What quotient in mass force? What is mass force? What is antienergy? Can you please rewrite your sentence as to not use a double negative (doesn't unequate)? How does one equate mass from waves?

A v(0) is the first wave in a cautious space such as TNT or bottom rest energy such as a sound wave.
How is v(0) a wave? What is cautious space? What does TNT (explosives) have to do with this? What is bottom rest energy? How is bottom rest energy a sound wave?

This all appears to be word salad?

I don't think I said that?

So, the math is perfect.

My problem is with the conclusion you are drawing from said math.

You have not explained your problem.

You have a derivative of the mass of a particle at rest with respect to its wavelength. Please demonstrate how that last equation leads to your conclusion based on logic.

Can you see the RHS of the equation. It is negative. So, I made my logical conclusion.

I think it will become clear what I meant by this over time...

So, you dont have explanations for your statement. You just made a blind statement. This is nonsense.

First thing about matter is that it can't be stretched without an appropriate spring force: a vector wouldn't be a v)9 without a proper Fnet.

If Fnet is zero, the mass will be subject to stress. The mass will have a strain. The stress-strain relationship is like a spring force.

In net force there is always a stretch from gradient to bottom rest mass; a quotient in mass force such as antienergy not dark energy doesn't unequate matter from waves.

Not able to understand this statement.

A v(0) is the first wave in a cautious space such as TNT or bottom rest energy such as a sound wave.

I think you are trying to explain mass to energy conversion.

So, the math is perfect.
I have made no claim either way.

You have not explained your problem.
I actually have explained my problem multiple times already: you have not explained how you reached your conclusion from that equation.

Can you see the RHS of the equation. It is negative. So, I made my logical conclusion.
Ah, then your conclusion is wrong. The LHS of the equation is not the mass, but a derivative of the mass to its wavelength. There's no way to conclude the necessity of negative mass from that.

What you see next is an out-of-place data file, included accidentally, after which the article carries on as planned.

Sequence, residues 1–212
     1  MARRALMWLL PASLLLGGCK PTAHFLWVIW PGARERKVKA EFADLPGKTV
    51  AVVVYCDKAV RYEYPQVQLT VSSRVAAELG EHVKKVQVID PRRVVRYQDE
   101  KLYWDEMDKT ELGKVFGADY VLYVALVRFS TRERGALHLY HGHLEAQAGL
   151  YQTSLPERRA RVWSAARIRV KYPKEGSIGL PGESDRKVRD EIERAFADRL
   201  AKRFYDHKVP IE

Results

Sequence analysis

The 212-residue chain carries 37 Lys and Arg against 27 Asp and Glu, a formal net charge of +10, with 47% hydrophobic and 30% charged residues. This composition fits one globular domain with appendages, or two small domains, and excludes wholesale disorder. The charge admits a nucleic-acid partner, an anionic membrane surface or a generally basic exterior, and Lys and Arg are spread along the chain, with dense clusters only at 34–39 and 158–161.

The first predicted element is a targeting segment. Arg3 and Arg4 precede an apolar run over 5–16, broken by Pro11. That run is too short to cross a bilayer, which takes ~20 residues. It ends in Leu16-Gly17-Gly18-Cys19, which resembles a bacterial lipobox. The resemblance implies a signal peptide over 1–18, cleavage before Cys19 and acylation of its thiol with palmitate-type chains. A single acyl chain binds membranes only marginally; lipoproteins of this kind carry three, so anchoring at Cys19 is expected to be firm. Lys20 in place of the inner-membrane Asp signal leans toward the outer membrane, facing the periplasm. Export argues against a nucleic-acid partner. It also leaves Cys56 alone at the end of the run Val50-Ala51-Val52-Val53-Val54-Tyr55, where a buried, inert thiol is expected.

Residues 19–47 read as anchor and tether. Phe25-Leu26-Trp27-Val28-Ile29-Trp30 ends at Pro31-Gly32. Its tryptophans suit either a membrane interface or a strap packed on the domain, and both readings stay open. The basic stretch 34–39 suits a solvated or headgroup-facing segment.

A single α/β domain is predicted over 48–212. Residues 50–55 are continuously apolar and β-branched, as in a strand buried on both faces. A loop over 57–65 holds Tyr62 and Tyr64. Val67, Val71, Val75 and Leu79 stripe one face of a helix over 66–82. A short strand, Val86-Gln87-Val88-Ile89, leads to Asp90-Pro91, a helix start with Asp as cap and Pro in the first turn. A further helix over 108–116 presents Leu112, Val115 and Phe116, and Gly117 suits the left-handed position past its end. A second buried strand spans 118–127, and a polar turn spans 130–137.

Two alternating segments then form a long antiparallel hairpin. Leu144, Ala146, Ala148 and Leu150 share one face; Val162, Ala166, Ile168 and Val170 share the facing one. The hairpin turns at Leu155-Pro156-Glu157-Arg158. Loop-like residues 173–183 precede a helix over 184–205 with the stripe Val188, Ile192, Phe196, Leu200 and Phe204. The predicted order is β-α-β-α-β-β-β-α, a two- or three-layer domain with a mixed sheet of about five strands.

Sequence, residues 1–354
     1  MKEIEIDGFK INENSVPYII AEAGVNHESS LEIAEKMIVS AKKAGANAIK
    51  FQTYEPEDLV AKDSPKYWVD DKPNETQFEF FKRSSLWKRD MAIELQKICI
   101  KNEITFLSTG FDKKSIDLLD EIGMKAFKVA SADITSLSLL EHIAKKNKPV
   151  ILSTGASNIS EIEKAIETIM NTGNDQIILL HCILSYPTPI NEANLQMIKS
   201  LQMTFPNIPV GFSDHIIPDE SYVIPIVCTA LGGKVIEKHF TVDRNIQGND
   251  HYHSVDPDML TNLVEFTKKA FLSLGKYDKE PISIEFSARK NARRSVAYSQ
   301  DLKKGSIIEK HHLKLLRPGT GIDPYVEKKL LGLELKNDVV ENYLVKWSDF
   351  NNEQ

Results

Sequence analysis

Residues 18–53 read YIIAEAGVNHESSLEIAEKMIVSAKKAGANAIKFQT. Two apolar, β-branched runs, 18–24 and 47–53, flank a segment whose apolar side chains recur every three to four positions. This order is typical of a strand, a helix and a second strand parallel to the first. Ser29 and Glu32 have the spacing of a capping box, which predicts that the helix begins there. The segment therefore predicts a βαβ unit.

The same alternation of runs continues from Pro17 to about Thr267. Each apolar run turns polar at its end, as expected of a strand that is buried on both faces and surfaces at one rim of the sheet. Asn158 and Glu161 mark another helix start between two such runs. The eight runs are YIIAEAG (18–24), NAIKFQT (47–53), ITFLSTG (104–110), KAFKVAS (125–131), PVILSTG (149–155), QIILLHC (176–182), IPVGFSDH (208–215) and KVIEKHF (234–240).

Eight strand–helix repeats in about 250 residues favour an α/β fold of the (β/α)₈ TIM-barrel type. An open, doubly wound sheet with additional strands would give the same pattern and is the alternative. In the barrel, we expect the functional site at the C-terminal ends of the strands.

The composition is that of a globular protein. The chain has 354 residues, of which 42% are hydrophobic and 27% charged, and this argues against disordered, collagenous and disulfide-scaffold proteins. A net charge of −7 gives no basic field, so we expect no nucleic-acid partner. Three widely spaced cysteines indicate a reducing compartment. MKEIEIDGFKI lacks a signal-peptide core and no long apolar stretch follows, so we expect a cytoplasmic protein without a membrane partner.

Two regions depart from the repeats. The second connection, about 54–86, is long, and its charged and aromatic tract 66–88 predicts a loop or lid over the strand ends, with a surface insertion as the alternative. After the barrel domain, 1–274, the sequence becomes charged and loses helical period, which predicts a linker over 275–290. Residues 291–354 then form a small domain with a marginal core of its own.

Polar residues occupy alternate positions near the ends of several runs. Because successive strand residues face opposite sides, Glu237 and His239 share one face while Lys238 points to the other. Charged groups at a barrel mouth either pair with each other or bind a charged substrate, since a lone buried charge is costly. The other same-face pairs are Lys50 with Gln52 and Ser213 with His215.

So, you dont have explanations for your statement. You just made a blind statement. This is nonsense.
Also a wrong conclusion: me not giving you an explanation doesn't mean I don't have one. As I said, things are becoming clearer all the time...

I have made no claim either way.

Seems you are not able to judge my simple equation. And you try to defend GR.

I actually have explained my problem multiple times already: you have not explained how you reached your conclusion from that equation.
$$\frac{dm}{d\lambda}=negative$$ means as $$dm$$ becomes positive $$d\lambda$$ will be negative.

Ah, then your conclusion is wrong. The LHS of the equation is not the mass, but a derivative of the mass to its wavelength. There's no way to conclude the necessity of negative mass from that.

Negative wavelength also can be considered as reducing wavelength. This can generate a positive mass.

Also a wrong conclusion: me not giving you an explanation doesn't mean I don't have one. As I said, things are becoming clearer all the time...

What is clearer?

Seems you are not able to judge my simple equation.
Seems like one of us indeed isn't able to, yes.

And you try to defend GR.

$$\frac{dm}{d\lambda}=negative$$ means as $$dm$$ becomes positive $$d\lambda$$ will be negative.
But $$dm$$ is not a mass, it's an infinitesimal, so your conclusion is still unwarranted.

Negative wavelength also can be considered as reducing wavelength.
Reducing a wavelength traditionally means making the wavelength smaller. This does not imply a negative wavelength. I can reduce the volume on my television set without it becoming negative. So please explain what you mean by "reducing wavelength", as you appear to be using a different definition than the ones I'm familiar with.

This can generate a positive mass.
Except a positive wavelength means a positive mass. Look at your own equation:
$$m=\frac{h}{c} \times \frac{1}{\lambda}$$.

$$m$$ (the mass) is positive if and only is $$\lambda$$ (the wavelength) is positive, because $$h$$, $$c$$, and $$1$$ are all positive by definition.

What is clearer?
The meaning of the last sentence in my post #29.

It seems hansda has abandoned this thread?

Seems like one of us indeed isn't able to, yes.

Seems you are still not able to judge.

GR equations are much more complicated.

But $$dm$$ is not a mass, it's an infinitesimal, so your conclusion is still unwarranted.

$$dm$$ is infinitesimal change of mass.

Reducing a wavelength traditionally means making the wavelength smaller. This does not imply a negative wavelength. I can reduce the volume on my television set without it becoming negative. So please explain what you mean by "reducing wavelength", as you appear to be using a different definition than the ones I'm familiar with.

You can draw a curve for $$dm$$ vs $$d\lambda$$ and check it out.

Except a positive wavelength means a positive mass. Look at your own equation:
$$m=\frac{h}{c} \times \frac{1}{\lambda}$$.

$$m$$ (the mass) is positive if and only is $$\lambda$$ (the wavelength) is positive, because $$h$$, $$c$$, and $$1$$ are all positive by definition.

You can also check the graph for $$m$$ vs $$\lambda$$.

The meaning of the last sentence in my post #29.

As you are not able to judge the correctness of a simple equation, this sort of prediction from you does not make any sense.